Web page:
Tuesday, June 19, 2007

Are you Bending Over for Whitey, or Just Talented?

When your friends and loved ones return from abroad they often bring along gifts, goodies and some rather interesting, and at times exaggerated tales. Occasionally, one or two may also bring along a brand new accent. This has always struck me as curious since what an American or Englishman cannot achieve in a lifetime spent in the East, is promptly undertaken by one of “us” who spends just a few semesters in the West.

Is this necessarily a bad thing? We Sri Lankans left behind to fret about the dying economy and intensifying ethnic conflict, often view with suspicion and contempt those of our kind who achieve the feat of successfully adopting a foreign accent. “Oh gosh, guess who came back speaking like Yankee Doodle?” or “I didn’t know the stiff-upper-lip was contagious?” are common sentiments articulated in private.

However, I find that the phenomenon of accent switching can be attributed to two main reasons.

  1. Our Colonial Hangover
  2. Our Hospitable Nature

The reason many of us find ourselves switching to a ripe British accent as soon as we set foot on those green hills of England, is primarily due to the fact that a Whiteman’s accent is seen to be of a slightly higher and more prestigious standard than our own. It also has a lot to do with self esteem and how comfortable one is with the way he or she articulates the English language. Studying or living abroad is not necessarily the reason one speaks with this accent, but rather the valid excuse one uses to justify the switch.

The second reason I have listed relates to the most common excuse given by those who engage in an accent makeover. It is simply that persons abroad fail to understand the Sri Lankan accent thus requiring us to change our accent in order to facilitate greater understanding. This of course is entirely true as I have experienced it myself. However, what is curious is that Westerners living here for decades on end never seem to make this same switch. In fact those of us who speak to them mysteriously alter our own accents, momentarily adopting a strangely refined British or American tone without even the slightest affiliation to those nations.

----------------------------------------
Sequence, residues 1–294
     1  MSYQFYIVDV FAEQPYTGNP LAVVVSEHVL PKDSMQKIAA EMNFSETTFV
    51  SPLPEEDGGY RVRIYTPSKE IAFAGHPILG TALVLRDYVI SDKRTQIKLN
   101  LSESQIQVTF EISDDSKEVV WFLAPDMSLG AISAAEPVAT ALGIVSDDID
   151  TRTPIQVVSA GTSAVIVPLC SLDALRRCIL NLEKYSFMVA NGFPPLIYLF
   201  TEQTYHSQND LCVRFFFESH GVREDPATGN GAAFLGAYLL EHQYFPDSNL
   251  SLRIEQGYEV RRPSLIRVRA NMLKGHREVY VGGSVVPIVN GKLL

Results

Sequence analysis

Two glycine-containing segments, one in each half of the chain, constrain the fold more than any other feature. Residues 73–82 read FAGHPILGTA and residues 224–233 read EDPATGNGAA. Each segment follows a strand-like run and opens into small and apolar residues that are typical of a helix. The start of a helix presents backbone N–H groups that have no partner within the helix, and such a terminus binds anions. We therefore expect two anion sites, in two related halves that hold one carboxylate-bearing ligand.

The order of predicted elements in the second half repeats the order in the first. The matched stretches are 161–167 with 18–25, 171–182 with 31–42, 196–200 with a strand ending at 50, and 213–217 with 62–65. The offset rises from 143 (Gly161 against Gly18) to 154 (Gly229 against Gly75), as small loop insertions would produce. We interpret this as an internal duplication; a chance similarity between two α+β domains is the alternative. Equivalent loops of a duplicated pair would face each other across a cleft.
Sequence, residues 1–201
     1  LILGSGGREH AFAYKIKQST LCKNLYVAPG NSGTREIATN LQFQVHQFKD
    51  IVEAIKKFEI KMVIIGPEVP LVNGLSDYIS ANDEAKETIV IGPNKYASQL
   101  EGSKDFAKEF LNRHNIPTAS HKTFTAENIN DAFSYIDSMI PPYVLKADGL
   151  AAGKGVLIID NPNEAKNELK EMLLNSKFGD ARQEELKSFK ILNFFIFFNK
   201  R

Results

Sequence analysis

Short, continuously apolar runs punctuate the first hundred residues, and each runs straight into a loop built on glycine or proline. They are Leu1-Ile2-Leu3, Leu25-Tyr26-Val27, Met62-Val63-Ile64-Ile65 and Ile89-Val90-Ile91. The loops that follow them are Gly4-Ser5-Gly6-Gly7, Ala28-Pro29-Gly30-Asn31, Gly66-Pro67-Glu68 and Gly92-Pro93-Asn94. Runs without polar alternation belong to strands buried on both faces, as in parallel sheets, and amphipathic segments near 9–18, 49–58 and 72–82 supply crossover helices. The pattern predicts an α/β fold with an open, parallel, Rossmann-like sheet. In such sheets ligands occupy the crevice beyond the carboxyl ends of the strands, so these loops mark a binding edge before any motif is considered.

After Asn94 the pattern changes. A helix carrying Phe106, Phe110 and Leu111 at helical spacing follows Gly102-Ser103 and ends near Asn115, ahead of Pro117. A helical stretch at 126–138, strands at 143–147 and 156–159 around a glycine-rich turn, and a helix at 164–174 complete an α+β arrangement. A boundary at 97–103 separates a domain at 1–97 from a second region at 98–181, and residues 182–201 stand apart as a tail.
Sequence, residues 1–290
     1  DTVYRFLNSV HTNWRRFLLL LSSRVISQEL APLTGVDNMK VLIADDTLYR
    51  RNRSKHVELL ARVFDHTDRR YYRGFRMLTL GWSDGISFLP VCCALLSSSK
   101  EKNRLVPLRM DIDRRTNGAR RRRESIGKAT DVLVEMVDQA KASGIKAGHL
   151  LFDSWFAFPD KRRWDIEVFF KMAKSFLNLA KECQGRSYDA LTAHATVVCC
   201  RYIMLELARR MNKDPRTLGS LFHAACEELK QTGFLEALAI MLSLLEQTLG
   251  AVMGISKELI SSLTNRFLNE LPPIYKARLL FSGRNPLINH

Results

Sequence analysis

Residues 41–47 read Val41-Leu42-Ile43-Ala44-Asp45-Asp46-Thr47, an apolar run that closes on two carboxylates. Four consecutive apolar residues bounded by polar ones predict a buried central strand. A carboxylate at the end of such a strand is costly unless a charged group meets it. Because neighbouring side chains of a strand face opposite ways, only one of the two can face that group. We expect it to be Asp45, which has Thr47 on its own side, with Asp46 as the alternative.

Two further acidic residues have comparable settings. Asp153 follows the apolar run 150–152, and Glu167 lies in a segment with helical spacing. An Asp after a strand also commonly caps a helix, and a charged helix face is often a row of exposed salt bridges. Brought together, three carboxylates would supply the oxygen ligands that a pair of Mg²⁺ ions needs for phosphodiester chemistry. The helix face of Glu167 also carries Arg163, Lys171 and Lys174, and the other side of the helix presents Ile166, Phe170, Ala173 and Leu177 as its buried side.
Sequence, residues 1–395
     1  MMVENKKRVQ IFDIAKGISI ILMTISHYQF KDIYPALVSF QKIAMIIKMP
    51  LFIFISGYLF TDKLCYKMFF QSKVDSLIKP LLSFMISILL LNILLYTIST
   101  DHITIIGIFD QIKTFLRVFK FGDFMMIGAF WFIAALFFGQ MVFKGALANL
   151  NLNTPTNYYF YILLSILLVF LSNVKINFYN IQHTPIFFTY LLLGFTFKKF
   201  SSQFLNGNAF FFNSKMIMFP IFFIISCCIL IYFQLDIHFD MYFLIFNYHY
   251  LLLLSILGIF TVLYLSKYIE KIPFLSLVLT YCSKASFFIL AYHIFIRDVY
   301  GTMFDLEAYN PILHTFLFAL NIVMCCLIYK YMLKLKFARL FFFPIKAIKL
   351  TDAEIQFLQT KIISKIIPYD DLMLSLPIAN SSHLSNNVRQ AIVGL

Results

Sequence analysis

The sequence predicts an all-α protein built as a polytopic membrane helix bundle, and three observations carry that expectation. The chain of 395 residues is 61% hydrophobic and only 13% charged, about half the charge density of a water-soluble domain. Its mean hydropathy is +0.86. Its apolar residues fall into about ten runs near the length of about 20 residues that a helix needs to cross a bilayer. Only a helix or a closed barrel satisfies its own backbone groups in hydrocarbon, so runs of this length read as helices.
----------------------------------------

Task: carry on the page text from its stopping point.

Some of you may call this “doormat-like behaviour”, but I would like to remind you that not all people can achieve this feat. It takes true talent to speak in multiple accents without even the odd acting lesson for assistance. Some of us choose not to change our accents, while others simply can’t help the change. However, time and again we have proven our potential for flexibility.

I find it more likely that this whole accent switching maneuver is part of a common potential possessed by all Sri Lankans to morph in order to fit in better with the outside world. This is probably why we can get along with everyone else except ourselves.

Thank you for reading.